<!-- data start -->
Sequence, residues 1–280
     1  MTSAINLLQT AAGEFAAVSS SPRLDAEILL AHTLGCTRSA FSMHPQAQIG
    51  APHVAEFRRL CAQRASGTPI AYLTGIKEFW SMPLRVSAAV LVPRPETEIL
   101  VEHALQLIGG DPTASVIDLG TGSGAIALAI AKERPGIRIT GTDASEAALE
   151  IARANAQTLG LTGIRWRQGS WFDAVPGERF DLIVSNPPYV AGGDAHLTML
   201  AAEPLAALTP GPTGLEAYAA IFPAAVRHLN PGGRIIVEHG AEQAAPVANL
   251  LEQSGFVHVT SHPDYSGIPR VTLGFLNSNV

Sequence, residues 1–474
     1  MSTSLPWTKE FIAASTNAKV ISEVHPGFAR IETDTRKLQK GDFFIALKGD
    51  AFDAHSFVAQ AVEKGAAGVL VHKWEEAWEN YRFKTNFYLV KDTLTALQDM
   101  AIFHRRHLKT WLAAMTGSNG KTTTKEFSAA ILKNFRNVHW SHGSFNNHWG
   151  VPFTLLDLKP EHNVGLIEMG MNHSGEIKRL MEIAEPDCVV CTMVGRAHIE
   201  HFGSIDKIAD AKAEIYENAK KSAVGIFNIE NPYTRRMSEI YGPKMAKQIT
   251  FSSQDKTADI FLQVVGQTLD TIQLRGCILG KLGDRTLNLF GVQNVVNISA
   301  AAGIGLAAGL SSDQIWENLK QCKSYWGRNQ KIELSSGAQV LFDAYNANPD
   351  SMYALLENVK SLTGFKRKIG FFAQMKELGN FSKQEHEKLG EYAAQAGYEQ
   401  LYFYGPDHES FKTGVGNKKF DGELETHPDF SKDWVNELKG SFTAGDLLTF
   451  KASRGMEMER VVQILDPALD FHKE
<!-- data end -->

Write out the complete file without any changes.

Sequence, residues 1–280
     1  MTSAINLLQT AAGEFAAVSS SPRLDAEILL AHTLGCTRSA FSMHPQAQIG
    51  APHVAEFRRL CAQRASGTPI AYLTGIKEFW SMPLRVSAAV LVPRPETEIL
   101  VEHALQLIGG DPTASVIDLG TGSGAIALAI AKERPGIRIT GTDASEAALE
   151  IARANAQTLG LTGIRWRQGS WFDAVPGERF DLIVSNPPYV AGGDAHLTML
   201  AAEPLAALTP GPTGLEAYAA IFPAAVRHLN PGGRIIVEHG AEQAAPVANL
   251  LEQSGFVHVT SHPDYSGIPR VTLGFLNSNV

Sequence, residues 1–474
     1  MSTSLPWTKE FIAASTNAKV ISEVHPGFAR IETDTRKLQK GDFFIALKGD
    51  AFDAHSFVAQ AVEKGAAGVL VHKWEEAWEN YRFKTNFYLV KDTLTALQDM
   101  AIFHRRHLKT WLAAMTGSNG KTTTKEFSAA ILKNFRNVHW SHGSFNNHWG
   151  VPFTLLDLKP EHNVGLIEMG MNHSGEIKRL MEIAEPDCVV CTMVGRAHIE
   201  HFGSIDKIAD AKAEIYENAK KSAVGIFNIE NPYTRRMSEI YGPKMAKQIT
   251  FSSQDKTADI FLQVVGQTLD TIQLRGCILG KLGDRTLNLF GVQNVVNISA
   301  AAGIGLAAGL SSDQIWENLK QCKSYWGRNQ KIELSSGAQV LFDAYNANPD
   351  SMYALLENVK SLTGFKRKIG FFAQMKELGN FSKQEHEKLG EYAAQAGYEQ
   401  LYFYGPDHES FKTGVGNKKF DGELETHPDF SKDWVNELKG SFTAGDLLTF
   451  KASRGMEMER VVQILDPALD FHKE